Shoving Government Health Care Down Your Throat
By Richard E. Ralston
August 9, 2005
One of the few bright spots in paying for health care today has
been the introduction of Health Savings Accounts (HSAs), in
conjunction with low-premium, high-deductible insurance policies. In
what is perhaps the most popular medical insurance reform in
history, more than a million consumers in California and elsewhere
have already established these plans that provide tax incentives,
reduce cost and increase personal choice.
The California Department of Insurance is now taking steps to
outlaw these insurance policies and savings accounts in California.
The Department has just released a report and public relations
effort that attacks such consumer choice as a threat to the
Insurance Commissioner’s personal agenda to bring all health care
under government management through a “universal” health care
system. (“Priced Out: Health Care in California”)
About the only honest feature of the report is in the opening
disclaimer from Insurance Commissioner John Garamendi: “This report
is not a neutral presentation of facts. . . This report and the
recommendations contained in it are my views and opinions and those
of my staff” This is Commissioner Garamendi’s way of telling you he
is using your tax dollars to turn the Department of Insurance into
his personal political lobbying organization. The pervasive use of
his name and loving photograph in the report might also indicate
that the report is a way to use your tax dollars to run for
Governor. Particularly touching were his reminiscences of his
service in the Peace Corps.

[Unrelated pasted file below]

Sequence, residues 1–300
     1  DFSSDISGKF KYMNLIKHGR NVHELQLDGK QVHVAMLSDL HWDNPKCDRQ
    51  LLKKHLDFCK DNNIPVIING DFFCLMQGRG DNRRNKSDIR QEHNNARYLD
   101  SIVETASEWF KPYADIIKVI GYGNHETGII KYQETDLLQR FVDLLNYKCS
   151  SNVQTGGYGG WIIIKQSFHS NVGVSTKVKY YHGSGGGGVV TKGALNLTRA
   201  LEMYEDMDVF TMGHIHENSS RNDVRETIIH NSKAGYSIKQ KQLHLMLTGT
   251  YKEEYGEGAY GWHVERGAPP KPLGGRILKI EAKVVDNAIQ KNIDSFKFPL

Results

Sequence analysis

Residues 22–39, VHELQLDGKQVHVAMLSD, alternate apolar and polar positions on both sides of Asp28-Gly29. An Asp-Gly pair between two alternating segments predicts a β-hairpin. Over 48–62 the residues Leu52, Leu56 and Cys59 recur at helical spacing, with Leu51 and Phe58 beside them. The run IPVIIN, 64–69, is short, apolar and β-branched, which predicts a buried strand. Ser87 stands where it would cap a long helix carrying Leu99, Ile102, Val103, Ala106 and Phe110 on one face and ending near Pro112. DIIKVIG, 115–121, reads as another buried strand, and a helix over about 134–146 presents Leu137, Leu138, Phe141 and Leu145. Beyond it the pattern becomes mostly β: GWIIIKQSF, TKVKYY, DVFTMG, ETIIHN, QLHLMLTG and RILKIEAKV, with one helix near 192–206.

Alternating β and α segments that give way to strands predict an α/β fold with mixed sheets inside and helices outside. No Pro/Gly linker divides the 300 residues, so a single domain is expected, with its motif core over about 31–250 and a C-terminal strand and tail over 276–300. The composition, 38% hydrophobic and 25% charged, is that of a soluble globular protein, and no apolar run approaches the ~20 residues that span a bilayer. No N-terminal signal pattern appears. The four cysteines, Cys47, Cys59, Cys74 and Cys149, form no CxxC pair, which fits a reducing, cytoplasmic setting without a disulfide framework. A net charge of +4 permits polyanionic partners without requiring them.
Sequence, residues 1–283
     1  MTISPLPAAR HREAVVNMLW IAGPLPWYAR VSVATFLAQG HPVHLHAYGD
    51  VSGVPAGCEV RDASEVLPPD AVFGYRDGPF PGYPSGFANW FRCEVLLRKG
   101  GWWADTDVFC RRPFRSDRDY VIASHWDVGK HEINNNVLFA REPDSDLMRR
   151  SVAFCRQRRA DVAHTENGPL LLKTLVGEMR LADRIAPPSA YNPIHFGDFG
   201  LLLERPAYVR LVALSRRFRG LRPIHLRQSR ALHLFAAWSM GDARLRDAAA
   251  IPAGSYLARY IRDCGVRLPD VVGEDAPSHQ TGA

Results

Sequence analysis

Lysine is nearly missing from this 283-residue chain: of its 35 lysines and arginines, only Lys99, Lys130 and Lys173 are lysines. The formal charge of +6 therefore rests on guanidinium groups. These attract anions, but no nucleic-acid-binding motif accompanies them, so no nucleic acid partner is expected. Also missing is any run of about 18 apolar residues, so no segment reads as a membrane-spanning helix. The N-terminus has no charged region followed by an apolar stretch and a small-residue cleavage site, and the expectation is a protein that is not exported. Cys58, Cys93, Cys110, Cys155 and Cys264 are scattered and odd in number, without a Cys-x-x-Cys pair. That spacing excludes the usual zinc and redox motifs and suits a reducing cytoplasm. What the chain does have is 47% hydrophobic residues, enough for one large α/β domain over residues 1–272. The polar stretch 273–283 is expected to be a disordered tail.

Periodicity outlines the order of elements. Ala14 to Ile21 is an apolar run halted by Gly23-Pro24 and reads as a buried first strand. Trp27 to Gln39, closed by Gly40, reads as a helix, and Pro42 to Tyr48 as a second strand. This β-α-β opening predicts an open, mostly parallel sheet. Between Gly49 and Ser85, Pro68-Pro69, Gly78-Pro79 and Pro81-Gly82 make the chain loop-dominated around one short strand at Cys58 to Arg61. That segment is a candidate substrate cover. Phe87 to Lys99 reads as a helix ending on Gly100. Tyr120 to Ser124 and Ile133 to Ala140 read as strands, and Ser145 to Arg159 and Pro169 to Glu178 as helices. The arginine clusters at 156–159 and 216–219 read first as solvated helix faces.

Because of their tax advantages, HSAs are attacked as being a
benefit only for the wealthy. Take a moment and try to picture
Donald Trump greedily rushing to shelter $2600 in one of these
accounts so he can save a couple of hundred bucks in taxes. These
accounts aren’t worth the paperwork for the wealthy. They are worth
the effort for most of us—middle class consumers who struggle to pay
both their taxes and their insurance premiums. This is both smart
and a principled way to take personal responsibility for health
care. Commissioner Garamendi seems unconcerned with such
people—probably because they don’t want to have to rely on him for
their health care.
The report also attacks HSAs and the high-deductible insurance
policies to which they are linked because they “are likely to cause
many to forgo necessary treatment.” In other words, all of these
wealthy consumers with HSAs will not spend their own money for their
own health care. They will seek treatment only when someone else is
required to pay for it. Wow! This is in a report whose supposed
purpose is addressing the high cost of health care now.
Imagine what it will cost when we shove “necessary treatment” down
the throats of well-off people who don’t want it.
It is clearly the very popularity of HSAs with consumers that the
Commissioner sees as a threat. The chief complaint is that the
federal government could make better use of the $7 billion a year in
tax savings which these consumers realize: “These resources would be
spent more effectively if they were used to help fund a universal
health care system.” Of course, $7 billion would not even be a drop
in the bucket for such a system. But the principle upon which these
government functionaries base this fatuity is that government spends
money on health care for everyone “more effectively” than
individuals can for themselves. The history and cost of the massive
increase of government intrusion in health care in the last forty
years clearly demonstrates the absurdity of such an assertion. But
as the objective of the report is a vast increase in government
power and government control of your daily lives, such facts need to
be papered over.
If you have a Health Savings Account in California, or ever want
to have one, you will have to defend it in the face of those
grasping for government power. Consumers elsewhere need to be alert
to the fact that other ambitious Insurance Commissioners may soon be
inspired to assault personal choice in their states.
Richard E. Ralston is Executive Director of Americans for Free Choice in Medicine.
Copyright © 2005 Americans for Free Choice in Medicine. All rights reserved.
For reprint permission, contact AFCM.